Religious groups condemn Woolwich killings

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THE Woolwich killers are of Nigerian background, sources have confirmed.

But it is understood the men, who are being treated in separate hospitals while under arrest, are most likely to be British citizens converted to a radical form of Islam.

Police activity near a crashed car (rear) with a broken windscreen close to the scene where a man was murdered in John Wilson Street, Woolwich.

Police activity near a crashed car (rear) with a broken windscreen close to the scene where a man was murdered in John Wilson Street, Woolwich.

They are not thought to have links to terror groups based in Nigeria, such as the jihadist militant organisation Boko Haram.

The Foreign Office warns of a high threat from terrorism in the West African nation and raises the prospect of a risk of retaliatory attacks following the French intervention in Mali.

Boko Haram is the most prominent terrorist threat in Nigeria. The group’s extremists aspire to establish Islamic law in Nigeria and carry out attacks across states mainly in the north.

In 2011, Boko Haram claimed responsibility for the bombing of the UN building in the Nigerian capital of Abuja, which killed 23 people in an act that showed the group could target Western interests.

The group, whose name means ‘’Western education is sacrilege’’, was blamed for nearly 800 killings last year alone.

Religious groups and charities have come together to condemn the attack. The Muslim Council of Britain said the killers’ use of “Islamic slogans” indicated they were motivated by their faith.

A statement from the council said: “This is a truly barbaric act that has no basis in Islam and we condemn this unreservedly. Our thoughts are with the victim and his family.

“We understand the victim is a serving member of the Armed Forces. Muslims have long served in this country’s Armed Forces, proudly and with honour.

“This attack on a member of the Armed Forces is dishonourable, and no cause justifies this murder.”

The group called for vigilance and solidarity between “all our communities, Muslim and non-Muslim”, and for police to “calm tensions”.

Akbar Khan from Building Bridges said : “We totally condemn the killing of an innocent person in Woolwich.

“And we also condemn all forms of extremism wherever they are.

“The thoughts of the Muslim community are with the family of the man who lost his life, and we pray for him.”

Mohammed Shafiq from the Ramadhan Foundation said yesterday: “I wish to condemn the evil and barbaric crime carried out in Woolwich.

“Our immediate thoughts are with the family and friends of the victims. From whatever angle you see the attack, it was at every level evil.

“We must allow the police to gather all the facts before unnecessary speculation and wait for the facts before determining its impact on our country.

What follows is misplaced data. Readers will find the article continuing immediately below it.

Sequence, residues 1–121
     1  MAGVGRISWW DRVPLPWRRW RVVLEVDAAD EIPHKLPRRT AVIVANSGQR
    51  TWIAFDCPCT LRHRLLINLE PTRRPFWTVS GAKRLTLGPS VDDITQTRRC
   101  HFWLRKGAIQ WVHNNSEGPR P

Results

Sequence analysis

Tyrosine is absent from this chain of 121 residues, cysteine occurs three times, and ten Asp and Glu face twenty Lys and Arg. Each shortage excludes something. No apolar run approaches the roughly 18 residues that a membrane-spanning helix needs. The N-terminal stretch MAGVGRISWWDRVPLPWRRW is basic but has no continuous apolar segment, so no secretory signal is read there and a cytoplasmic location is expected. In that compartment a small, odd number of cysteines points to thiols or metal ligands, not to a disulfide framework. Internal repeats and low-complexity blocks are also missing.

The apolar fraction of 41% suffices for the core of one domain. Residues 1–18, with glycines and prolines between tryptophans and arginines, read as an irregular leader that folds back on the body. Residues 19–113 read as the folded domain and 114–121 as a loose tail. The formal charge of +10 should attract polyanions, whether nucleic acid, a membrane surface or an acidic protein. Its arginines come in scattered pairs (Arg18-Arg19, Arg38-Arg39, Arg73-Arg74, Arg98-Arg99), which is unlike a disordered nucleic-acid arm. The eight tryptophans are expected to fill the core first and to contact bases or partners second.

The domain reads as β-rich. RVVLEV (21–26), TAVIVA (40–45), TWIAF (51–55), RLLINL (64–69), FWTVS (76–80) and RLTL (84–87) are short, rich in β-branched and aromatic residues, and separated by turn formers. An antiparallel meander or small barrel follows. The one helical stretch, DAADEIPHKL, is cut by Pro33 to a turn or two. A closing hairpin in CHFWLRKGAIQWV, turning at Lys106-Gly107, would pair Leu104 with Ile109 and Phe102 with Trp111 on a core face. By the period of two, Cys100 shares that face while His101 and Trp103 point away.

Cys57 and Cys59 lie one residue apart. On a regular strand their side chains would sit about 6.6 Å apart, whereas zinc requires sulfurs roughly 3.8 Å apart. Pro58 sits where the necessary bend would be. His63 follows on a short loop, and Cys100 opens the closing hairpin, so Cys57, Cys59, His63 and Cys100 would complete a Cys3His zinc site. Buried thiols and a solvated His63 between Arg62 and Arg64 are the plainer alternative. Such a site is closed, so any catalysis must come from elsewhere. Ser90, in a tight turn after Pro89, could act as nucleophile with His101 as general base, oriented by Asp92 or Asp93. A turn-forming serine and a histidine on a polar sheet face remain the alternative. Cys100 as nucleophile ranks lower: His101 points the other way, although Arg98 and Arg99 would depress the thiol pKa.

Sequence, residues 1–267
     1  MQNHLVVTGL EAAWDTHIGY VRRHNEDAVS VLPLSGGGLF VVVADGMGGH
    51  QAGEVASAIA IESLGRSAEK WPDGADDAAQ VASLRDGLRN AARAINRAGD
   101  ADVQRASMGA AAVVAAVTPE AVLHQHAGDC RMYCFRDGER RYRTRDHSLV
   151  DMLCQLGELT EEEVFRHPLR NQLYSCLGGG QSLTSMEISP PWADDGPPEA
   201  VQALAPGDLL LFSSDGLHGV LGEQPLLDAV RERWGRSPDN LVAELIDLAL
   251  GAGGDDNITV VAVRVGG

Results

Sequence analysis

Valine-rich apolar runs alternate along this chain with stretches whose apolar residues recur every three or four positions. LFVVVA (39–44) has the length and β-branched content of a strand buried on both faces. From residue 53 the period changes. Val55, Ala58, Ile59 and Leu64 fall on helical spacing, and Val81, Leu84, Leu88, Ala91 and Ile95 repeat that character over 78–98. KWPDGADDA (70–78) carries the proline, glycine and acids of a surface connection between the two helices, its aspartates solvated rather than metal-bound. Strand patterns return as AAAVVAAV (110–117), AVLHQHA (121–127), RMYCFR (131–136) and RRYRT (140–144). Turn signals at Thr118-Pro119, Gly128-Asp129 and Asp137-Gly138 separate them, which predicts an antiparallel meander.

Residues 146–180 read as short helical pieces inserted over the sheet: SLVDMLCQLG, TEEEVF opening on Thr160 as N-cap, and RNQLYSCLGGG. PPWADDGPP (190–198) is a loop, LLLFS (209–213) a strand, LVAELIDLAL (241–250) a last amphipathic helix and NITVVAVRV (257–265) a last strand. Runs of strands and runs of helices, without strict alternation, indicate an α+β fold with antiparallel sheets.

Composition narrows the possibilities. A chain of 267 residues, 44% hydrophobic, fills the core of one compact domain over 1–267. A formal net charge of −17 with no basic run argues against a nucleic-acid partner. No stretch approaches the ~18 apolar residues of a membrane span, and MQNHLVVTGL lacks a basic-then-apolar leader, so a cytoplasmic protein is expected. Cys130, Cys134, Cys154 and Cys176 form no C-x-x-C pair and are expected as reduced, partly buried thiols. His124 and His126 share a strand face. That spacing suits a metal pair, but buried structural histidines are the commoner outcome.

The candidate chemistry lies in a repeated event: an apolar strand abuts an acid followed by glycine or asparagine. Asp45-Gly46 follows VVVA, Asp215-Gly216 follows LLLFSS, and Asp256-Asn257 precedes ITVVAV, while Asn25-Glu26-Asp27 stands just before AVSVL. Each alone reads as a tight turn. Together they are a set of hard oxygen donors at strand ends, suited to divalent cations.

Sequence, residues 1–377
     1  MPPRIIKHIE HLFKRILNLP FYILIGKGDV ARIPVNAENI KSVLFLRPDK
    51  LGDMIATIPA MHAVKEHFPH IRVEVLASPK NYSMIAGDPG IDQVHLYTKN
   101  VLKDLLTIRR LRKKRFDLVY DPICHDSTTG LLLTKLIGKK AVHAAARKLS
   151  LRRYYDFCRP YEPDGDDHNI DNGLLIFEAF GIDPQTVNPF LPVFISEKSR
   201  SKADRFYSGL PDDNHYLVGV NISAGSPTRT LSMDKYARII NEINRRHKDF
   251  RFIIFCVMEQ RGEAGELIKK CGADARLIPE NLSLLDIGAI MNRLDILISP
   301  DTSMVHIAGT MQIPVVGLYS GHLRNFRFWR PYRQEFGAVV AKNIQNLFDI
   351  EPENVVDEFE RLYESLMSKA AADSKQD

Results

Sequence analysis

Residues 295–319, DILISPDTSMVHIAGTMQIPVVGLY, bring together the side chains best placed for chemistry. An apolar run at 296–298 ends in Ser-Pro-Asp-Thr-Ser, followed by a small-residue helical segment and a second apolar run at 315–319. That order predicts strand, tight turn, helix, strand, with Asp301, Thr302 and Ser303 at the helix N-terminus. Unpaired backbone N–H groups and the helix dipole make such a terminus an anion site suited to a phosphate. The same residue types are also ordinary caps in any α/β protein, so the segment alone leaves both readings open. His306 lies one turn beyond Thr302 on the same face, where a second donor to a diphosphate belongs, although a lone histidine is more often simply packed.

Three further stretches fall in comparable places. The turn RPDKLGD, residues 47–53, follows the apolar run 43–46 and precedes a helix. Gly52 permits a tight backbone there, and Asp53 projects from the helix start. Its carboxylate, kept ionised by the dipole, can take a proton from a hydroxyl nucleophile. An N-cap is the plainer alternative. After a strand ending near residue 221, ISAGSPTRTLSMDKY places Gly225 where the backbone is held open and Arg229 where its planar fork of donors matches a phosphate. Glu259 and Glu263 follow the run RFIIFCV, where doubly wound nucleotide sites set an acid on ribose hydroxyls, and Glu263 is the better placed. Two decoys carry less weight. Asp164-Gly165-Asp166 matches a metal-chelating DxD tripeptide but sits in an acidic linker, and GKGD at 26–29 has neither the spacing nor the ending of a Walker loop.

“But what happens in the days to come, London and our nation will come together and will not be divided. The terrorists will never win and succeed in their evil plans.

“But tonight we think of the family of that soldier killed.”

Fiyaz Mughal, the director of charity Faith Matters, said: “The cold-blooded killing of a serving British soldier is a crime that sickens every member of every community in the UK.

“For the peace of our communities to be shattered like this is almost unthinkable. We must come together, isolate those who believe that extremism and violence are acceptable, and work to ensure that they meet the full force of the law.

“We must send a clear message to anyone that an attack on a serving soldier going about their daily activities is something that must be utterly condemned.”

Former home secretary Lord Reid condemned the “brutal, inhumane and terrible murder of an innocent person”.

While he said the threat from terrorists was continual, he insisted they would not succeed in their bid to “impose their will on others” in the UK.

Lord Reid told BBC Radio Scotland’s Good Morning Scotland the killing in Woolwich was a “horrific and terrible attack”, and added: “The bad news is that becomes harder to prevent.”

He said it was “a testament to the effectiveness of our security forces in this country that they have prevented it for many, many years”.

The former home secretary added: “We can get complacent - its easy to think because there hasn’t been a terrorist attack in the recent past that somehow the threat has gone away. I have continually said it hasn’t, it’s there continually, it’s still substantial.

“The macabre manner of the killing and the propaganda associated with it was meant to terrify and frighten people, because that is the nature of what terrorists do - which is to try to impose their will on others, through fear and indiscriminate violence.

“But it won’t work. It never has in the past in this country and it won’t in the future.”

Julie Siddiqi, of the Islamic Society of Britain, told the BBC Radio 4 Today programme: “We can’t allow the voices of Nick Griffin and the far right to become louder than ours in the coming days. They will say what we have to say and it gives us even more incentive to speak out and come together and not allow people like that to divide us as a country.

“The people who did this act yesterday do not speak in my name, do not speak for my community or the rest of the country. We have to come out with the strongest condemnation, which is what I’m seeing this morning.

“All of the Muslim organisations have come out with the strongest possible terms to say there is absolutely no excuse whatsoever, no justification for anything like this.

“This is one of the most shocking things I have seen in recent years and to have the people of Woolwich have to experience that so close to them, I just feel is absolutely horrific.”